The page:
Nearly every hot, humid North Carolina summer morning, 15-year-old Eddie Ramirez wakes up at 4am, slips on a thick, long sleeve T-shirt and boards a school bus with his mother in Snow Hill, North Carolina. The bus is cramped – not with students, but with up to 40 migrant farm workers on the way to work in a tobacco field.
Ramirez began this work – hand-picking tobacco for shifts up to 12 hours in his school holidays and sometimes during term – when he was just 12 years old.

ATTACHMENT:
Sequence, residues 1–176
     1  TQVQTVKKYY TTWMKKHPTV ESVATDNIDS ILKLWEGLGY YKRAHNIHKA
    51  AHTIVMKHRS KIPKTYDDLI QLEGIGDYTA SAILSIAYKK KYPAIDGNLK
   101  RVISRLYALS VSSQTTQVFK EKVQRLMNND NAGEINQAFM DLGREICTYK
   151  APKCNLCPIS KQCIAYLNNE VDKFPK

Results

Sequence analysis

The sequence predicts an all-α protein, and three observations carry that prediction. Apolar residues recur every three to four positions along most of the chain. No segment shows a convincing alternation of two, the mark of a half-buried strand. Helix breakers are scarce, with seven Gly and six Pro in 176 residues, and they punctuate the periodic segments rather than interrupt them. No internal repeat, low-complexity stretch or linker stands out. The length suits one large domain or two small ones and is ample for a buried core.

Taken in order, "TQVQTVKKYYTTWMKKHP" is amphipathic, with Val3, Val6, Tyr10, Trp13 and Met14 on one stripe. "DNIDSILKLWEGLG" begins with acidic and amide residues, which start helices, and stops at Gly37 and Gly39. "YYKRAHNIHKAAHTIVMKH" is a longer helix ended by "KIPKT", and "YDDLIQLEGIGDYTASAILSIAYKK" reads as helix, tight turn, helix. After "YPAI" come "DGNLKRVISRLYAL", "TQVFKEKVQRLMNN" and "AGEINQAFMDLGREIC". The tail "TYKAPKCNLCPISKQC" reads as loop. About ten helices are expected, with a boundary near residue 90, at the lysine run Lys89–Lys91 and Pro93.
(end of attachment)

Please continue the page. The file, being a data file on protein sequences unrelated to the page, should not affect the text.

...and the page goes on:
He is among 141 youth farm workers featured in a report released Wednesday by international human rights group Human Rights Watch (HRW), documenting child labor in tobacco fields in the southern United States. Eighty children come from North Carolina, with the rest from Kentucky, Tennessee and Virginia.
The 138-page report, Tobacco’s Hidden Children, reveals the dangers and harmful conditions of tobacco work. It emphasizes the US lagging behind Brazil and India, the top two tobacco producers in the world, who have banned children from working in their fields.
Read the full article in The Guardian here.